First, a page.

We have seen that the fixed deposit rates have been falling since past two years and it is expected that they will fall further. The new RBI chief, Urjit Patel making a 25 basis point cut in repo in his first monetary policy.
The RBI has risen on expectations that inflation may come down in coming months and may help in further rate cuts. Recently the savings rates were cut down and it may pressure banks to lower deposit rates.
ICRA has issued a note in which it said that the repo cut along with the modest reduction in various small savings rates, would nudge banks to lower their deposit and, in turn lending rates.
Since January 2015 the RBI has in total reduced rate by 175 basis points and the biggest lender State Bank of India has lowered its one year FD rate by 135 basis points during the period.
These rate cuts by RBI have proved beneficial for those who have invested in mutual funds, particularly in long term corporate and government bonds. So Instead of investing in FD you should go for mutual funds as there you will get more benefits as compared to keeping money in the FD account.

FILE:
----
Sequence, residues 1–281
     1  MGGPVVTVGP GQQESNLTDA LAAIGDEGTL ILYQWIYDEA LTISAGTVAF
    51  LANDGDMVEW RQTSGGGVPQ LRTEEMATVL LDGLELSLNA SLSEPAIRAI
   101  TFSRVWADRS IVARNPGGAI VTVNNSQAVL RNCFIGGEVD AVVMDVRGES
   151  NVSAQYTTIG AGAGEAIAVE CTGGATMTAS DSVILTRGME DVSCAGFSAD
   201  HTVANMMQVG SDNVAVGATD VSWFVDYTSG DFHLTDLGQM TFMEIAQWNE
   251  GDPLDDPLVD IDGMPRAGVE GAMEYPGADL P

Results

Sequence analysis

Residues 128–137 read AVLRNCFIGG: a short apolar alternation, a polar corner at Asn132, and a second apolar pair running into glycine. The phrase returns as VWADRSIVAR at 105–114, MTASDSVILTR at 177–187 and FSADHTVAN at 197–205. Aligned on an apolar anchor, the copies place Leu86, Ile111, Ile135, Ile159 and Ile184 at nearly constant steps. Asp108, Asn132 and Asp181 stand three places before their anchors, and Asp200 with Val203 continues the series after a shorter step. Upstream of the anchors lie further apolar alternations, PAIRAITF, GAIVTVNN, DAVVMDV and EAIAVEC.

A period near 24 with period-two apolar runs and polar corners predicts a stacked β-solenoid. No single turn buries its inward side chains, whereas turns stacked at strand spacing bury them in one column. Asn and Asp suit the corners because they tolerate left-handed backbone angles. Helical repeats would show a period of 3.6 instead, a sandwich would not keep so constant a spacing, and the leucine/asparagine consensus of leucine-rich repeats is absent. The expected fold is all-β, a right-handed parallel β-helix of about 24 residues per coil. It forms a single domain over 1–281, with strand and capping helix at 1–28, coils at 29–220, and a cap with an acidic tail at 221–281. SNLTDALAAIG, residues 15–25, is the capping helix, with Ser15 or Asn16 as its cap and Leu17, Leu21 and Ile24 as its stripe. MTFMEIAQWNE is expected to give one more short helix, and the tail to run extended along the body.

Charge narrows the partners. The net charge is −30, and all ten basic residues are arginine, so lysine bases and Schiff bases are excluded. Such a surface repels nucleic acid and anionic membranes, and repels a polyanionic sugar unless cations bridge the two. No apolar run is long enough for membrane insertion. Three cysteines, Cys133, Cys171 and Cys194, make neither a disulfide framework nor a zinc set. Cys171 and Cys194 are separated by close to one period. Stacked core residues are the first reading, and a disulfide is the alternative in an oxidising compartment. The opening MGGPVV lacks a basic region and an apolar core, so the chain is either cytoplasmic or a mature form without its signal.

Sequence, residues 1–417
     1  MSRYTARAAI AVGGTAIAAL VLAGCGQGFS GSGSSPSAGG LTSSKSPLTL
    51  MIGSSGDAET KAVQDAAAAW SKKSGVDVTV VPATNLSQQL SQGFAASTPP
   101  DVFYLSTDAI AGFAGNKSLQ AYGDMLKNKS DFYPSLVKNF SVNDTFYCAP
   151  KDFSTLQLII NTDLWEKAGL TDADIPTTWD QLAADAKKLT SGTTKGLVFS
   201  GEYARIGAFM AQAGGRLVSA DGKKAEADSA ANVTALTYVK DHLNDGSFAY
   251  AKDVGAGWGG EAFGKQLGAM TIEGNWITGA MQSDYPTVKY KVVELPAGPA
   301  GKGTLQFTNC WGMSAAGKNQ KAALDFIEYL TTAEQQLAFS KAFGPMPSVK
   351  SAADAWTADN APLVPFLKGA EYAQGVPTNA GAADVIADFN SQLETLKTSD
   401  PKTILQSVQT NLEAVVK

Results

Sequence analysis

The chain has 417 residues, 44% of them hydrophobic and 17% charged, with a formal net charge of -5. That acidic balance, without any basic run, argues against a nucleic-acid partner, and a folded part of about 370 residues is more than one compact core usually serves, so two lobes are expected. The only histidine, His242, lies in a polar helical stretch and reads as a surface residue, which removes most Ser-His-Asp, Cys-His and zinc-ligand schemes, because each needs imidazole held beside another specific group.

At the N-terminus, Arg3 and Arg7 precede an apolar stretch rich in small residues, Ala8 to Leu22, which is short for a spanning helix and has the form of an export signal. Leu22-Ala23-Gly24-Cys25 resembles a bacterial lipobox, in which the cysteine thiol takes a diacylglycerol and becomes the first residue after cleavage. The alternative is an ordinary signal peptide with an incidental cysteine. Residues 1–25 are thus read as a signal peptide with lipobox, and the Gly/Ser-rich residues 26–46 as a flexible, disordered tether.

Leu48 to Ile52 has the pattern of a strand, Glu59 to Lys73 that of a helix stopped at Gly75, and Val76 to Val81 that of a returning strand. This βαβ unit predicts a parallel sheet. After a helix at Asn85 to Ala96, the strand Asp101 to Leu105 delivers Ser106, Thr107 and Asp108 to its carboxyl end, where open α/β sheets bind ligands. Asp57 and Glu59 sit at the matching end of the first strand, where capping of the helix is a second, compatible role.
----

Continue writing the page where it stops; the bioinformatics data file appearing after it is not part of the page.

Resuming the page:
According to a research, the average annual return in mutual funds in government bonds is 12.5 % in the past one year and 12.2 % in past 3 years and the dynamic bond category has given return of 11% in the past 3 years.
Some analyst feels that the rally in debt markets will further extend if RBI rate cuts and with foreign inflows into Indian debt markets.
One thing is sure that bond rates and interest rates are inversely correlated, means that when the rates fall bond prices of debt mutual funds go up. The tax factor also plays a major role apart from falling interest rates and that is why financial planners suggest opting for systematic withdrawal plans in debt mutual funds.